Between Bond movies The World Is Not Enough and Die Another Day, busy Pierce Brosnan managed to fit in two other projects. One of them was this adaptation of a John Le Carre story about a downmarket spy (Brosnan) in Central America who uses a sweatily nervous tailor (the unimpeachable Geoffrey Rush) to gain access to the local generals, his object: to sell them all manner of dodgy information designed to destabilise the country. It may say Le Carre on the tin but there’s the definite feeling we’re in Graham Greene country here, the atmopshere of mosquito netting, insanitary plumbing and lousy tea all being typical Greene touches. Adding suitably weird supporting performances are Harold Pinter as Rush’s dear old Jewish dad and Brendan Gleason as a Panamanian freedom fighter. These are both somewhat left-field bits of casting but they’re typical of the nutty casualness that pervades the whole film. Look at Jamie Lee Curtis – dragged in as love interest and then almost dismissively underused. Not to mention Brosnan, who is pretty much going at it like OO3.5. It’s all about deception, of course, and director John Boorman lays on the deliberate double-bluffs, intrigueful atmosphere and even conversations with dead people to confuse the viewer into not knowing what’s what, in an attempt to give us some idea of what Brosnan is doing to the generalissimos. Definitely one for people who enjoy being toyed with. And yes, it was shot in Panama.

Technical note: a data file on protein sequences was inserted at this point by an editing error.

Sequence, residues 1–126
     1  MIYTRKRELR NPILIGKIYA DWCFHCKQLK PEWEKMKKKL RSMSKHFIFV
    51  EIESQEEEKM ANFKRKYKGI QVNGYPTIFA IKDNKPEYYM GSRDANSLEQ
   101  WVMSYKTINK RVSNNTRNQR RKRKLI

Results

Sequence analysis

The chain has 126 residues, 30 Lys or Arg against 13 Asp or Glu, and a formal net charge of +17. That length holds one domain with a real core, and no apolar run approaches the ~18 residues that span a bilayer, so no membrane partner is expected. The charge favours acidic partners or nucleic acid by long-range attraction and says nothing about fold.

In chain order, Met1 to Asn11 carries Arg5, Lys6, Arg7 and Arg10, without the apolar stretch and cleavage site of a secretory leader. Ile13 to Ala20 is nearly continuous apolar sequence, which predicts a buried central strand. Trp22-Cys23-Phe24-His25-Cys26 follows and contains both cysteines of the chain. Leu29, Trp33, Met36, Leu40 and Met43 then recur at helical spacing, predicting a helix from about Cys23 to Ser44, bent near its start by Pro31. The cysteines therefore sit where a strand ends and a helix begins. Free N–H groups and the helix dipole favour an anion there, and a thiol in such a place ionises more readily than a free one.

The Tailor of Panama – at Amazon
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© Steve Morrissey 2013